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Sleep: A Holiday Recipe for Weight Loss?
It sounds like an infomercial for weight loss pills. But a recent study presented at the North American Association for the Study of Obesity (NAASO) suggested that the less sleep you get the more likely you are to become obese. Read More...

Do you suffer from sleep apnea? Do you have any of these symptoms?
  • Limb jerking and kicking during sleep
  • Depression, reduction in motivation
  • ADHD symptoms (hyperactivity)
  • Morning headaches, bloodshot eyes
  • Multiple bathroom trips during sleep time
  • Heartburn (Acid Reflux)
  • Waking up very tired and thirsty
  • Irritability
  • Memory problems
  • Poor ability to concentrate
  • Poor motor skills
  • Daytime fatigue
  • Weight gain and love handles in men 35+
  • Excessive sleepiness during waking hours
The National Commission on Sleep Disorders Research estimates that 38,000 cardiovascular deaths, due to sleep apnea, occur each year. Over the long term, serious sleep apnea conditions have been linked to a greater risk of hypertension and cardiovascular diseases. However, sleep apnea was not well understood or recognized by the medical community until recently. And only a fraction of sufferers have been diagnosed and treated.

 

 

News

Sleep: A Holiday Recipe for Weight Loss?

It sounds like an infomercial for weight loss pills. But a recent study presented at the North American Association for the Study of Obesity (NAASO) suggested that the less sleep you get the more likely you are to become obese.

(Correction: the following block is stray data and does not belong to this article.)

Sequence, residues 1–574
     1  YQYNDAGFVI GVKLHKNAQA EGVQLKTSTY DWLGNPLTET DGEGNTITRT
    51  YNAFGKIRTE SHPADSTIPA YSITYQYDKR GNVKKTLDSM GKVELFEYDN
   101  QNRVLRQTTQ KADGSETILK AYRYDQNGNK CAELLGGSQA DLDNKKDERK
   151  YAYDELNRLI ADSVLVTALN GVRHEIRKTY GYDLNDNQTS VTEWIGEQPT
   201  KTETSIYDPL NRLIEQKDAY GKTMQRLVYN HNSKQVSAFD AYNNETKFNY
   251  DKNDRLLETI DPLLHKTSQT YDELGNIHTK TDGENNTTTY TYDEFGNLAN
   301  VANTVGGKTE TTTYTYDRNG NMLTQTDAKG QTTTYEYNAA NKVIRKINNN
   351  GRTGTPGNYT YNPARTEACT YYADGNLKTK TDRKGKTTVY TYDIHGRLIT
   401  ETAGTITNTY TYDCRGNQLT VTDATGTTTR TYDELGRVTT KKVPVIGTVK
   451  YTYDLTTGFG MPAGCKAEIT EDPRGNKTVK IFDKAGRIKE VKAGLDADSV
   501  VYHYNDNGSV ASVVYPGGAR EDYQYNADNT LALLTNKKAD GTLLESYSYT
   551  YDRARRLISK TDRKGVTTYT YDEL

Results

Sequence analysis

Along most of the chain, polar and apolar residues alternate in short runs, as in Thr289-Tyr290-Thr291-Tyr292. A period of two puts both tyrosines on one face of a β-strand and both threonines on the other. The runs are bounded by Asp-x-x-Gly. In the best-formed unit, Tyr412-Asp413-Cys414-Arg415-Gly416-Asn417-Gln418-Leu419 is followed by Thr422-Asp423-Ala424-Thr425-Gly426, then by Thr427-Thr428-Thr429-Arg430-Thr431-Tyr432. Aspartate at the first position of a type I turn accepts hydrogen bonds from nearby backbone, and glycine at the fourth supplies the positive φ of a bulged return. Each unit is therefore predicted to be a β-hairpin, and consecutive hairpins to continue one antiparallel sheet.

The study was conducted with Columbia University's Mailman School of Public Health and the Obesity Research Center. Using information on about 18,000 adults participating in the federal government's National Health and Nutrition Examination Survey (NHANES), , throughout the 1980s, Dr. Steven Heymsfield, Dr. James Gangwisch and his colleagues found that subjects between the ages of 32 and 59 who slept four hours or less per night were 73% more likely to be obese than those who slept between seven and nine hours per night.

What makes this longitudinal analysis even more relevant is that it came out a week after another important study connecting sleep and obesity by Karine Spiegel, PhD and Eve Van Cauter, PhD. The University of Chicago study showed that sleep duration is associated with levels of human leptin, a hormone which helps regulate appetite.

As the holiday season rolls in, with high calorie foods and late night parties, why not make more sleep your New Year's resolution!

More resources:


Are kids snoring their way to ADHD?

CNN Headline News March 4, 2002

Researchers conclude sleepiness and apnea may be exhibited as symptoms of ADHD.

CHICAGO, Illinois (AP) -- New research suggests children who snore face nearly double the risk of being inattentive and hyperactive, providing fresh evidence of an intriguing link between sleep problems and attention deficit disorders. Click to read entire article

 



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